We know healthcare is increasingly consumer-driven. From a doctor’s social media scores to how patient satisfaction ratings increasingly dictate reimbursement, the experience of our “customers,” matter. Here’s how healthcare organizations of any size or type can improve the patient experience, increase quality scores, and achieve better outcomes.
Patient Experience – Tips for Clinical Teams
Managed Healthcare Executive uses the Cleveland Clinic as a shining example of customer care that many hospitals are still striving to achieve. From greeting patients at the door of their healthcare facility and walking them to their appointments, to patient-centric designs of their waiting and exam rooms, this organization continues to impress patients and other healthcare leaders in the industry as the model for all of us to emulate.
The article distilled some of the characteristics of a patient-centered healthcare organization. They include:
- A focus on the patient beyond their clinical issues. This can include asking about the patient’s unique experience during rounding – and then enabling clinicians to fix the issue. The goal is to determine how the patient is being cared for and what their comfort level is beyond the bandage change.
- Using technology to improve hospital response. The article discussed a platform Geisinger is using to allow healthcare leaders to flag trouble spots in their facility in real time, and then track the response. If a nursing supervisor spots a dirty restroom, they can ping maintenance or housekeeping for a faster response.
- Telehealth is changing how healthcare is delivered and improving patient convenience. For many patients, traveling to a clinical appointment is both physically uncomfortable and expensive. This is especially true in rural areas where access to specialty providers may require a long trip. A telehealth virtual visit brings a doctor to the patient for increased convenience and cost.
- Personalizing the visit. It’s easy to feel like just a “head in the bed” in the industrialized environment of a hospital. Personalizing the experience with small touches, and then following up with a note to the patient, are simple ways to have a big impact on quality metrics.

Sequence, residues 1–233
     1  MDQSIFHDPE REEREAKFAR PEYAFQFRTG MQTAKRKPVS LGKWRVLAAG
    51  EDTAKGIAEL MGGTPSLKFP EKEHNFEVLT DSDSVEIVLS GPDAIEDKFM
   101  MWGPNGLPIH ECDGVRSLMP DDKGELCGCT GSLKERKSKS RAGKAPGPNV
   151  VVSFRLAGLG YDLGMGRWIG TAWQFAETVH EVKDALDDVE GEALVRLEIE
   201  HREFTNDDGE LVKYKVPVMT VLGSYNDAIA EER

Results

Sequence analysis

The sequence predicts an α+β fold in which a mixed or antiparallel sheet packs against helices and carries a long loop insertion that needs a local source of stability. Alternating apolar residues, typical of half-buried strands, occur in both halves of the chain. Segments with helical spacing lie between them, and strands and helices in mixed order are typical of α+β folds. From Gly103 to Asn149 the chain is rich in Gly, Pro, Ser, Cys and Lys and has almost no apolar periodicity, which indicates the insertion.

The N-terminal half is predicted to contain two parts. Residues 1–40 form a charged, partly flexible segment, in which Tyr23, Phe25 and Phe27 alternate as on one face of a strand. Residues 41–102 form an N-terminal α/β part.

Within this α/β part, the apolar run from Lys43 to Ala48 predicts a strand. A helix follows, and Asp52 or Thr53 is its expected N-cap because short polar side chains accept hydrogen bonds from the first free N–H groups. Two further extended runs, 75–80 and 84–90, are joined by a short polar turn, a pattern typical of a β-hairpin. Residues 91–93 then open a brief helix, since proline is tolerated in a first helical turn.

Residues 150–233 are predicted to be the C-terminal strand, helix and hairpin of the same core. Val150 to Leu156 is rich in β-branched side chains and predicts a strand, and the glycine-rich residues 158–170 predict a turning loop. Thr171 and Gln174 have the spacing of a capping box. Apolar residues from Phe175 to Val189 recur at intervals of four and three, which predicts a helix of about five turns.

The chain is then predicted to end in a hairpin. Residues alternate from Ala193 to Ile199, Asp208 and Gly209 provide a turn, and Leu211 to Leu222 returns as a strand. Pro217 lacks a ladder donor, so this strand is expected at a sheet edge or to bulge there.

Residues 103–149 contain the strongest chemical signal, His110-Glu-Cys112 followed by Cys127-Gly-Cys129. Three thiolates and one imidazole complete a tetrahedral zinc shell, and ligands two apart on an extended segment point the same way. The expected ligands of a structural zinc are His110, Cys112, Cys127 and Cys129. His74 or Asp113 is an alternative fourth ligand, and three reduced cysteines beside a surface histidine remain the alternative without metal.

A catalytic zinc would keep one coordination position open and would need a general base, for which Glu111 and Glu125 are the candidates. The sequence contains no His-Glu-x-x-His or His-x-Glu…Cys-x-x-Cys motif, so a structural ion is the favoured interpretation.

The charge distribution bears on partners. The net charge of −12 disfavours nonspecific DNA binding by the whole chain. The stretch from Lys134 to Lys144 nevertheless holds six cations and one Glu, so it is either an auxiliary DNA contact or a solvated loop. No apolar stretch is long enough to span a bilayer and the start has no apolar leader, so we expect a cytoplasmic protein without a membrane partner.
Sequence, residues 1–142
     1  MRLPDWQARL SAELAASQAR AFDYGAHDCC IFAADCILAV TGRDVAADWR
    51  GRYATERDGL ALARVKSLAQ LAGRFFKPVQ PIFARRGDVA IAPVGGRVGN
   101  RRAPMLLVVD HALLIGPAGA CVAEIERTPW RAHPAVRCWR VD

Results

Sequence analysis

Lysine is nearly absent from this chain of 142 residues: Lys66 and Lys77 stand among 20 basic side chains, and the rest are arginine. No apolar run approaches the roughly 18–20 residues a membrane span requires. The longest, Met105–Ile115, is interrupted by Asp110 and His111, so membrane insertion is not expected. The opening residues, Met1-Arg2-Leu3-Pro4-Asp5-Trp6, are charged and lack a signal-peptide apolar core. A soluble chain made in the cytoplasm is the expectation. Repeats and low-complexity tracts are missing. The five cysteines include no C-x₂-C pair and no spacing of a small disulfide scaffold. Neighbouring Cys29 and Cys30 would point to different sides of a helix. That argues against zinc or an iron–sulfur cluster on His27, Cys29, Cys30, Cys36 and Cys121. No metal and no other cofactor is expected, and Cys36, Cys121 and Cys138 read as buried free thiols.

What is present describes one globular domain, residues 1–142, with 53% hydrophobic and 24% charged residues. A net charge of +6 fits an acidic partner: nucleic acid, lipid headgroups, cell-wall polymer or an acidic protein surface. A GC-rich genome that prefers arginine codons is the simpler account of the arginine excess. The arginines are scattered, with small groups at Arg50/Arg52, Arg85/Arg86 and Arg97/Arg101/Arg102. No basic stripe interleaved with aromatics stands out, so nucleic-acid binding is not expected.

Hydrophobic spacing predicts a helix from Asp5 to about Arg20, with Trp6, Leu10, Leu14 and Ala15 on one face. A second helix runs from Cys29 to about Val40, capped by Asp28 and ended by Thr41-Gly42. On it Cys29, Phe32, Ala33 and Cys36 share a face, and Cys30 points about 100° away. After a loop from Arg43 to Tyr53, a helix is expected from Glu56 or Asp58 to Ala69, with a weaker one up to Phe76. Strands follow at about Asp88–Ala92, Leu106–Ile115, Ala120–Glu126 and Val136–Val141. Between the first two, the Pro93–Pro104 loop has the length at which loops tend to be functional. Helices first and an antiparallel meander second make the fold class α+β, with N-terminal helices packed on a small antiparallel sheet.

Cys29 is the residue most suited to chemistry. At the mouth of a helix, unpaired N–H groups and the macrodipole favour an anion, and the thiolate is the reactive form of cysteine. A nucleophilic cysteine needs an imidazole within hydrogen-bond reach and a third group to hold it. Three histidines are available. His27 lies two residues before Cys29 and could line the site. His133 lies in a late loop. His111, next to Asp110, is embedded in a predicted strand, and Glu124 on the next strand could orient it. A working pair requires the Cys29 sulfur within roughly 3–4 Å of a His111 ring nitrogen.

HealthLeaders Media had a similar article focusing on how nurses can specifically impact the quality of care and caring that customers’ experience. The article shared a talk from the American Organization of Nurse Executives (AONE) annual meeting and the idea that the power of the individual’s moment, or peak experience, is created by forward-thinking health systems. However, healthcare providers are training like guest services at Walt Disney, instead, bringing a plethora of troubleshooting skills that can be more life-saving than life-affirming.
But while healthcare is focused primarily on fixing problems, the article points out that building positive customer peak experiences had a direct correlation to patient satisfaction. Nurse leaders can offer these experiences in responding to patients in the following ways:
- By reacting to or elevating an emotional moment. For example, each time a baby is born, some hospitals play a lullaby over the intercom.
- By using motivational interviewing to get through to patients in a positive caring way.
- Genuinely trying to connect with the patients you care for, even in small ways, can help positively impact patient comfort and satisfaction.
Patient satisfaction starts with employee satisfaction. Talk with the talent team at National Recruiters about a more human-centered approach to recruiting that could improve the satisfaction of your clinical candidates from the very beginning of your hiring process. Contact us to find out more.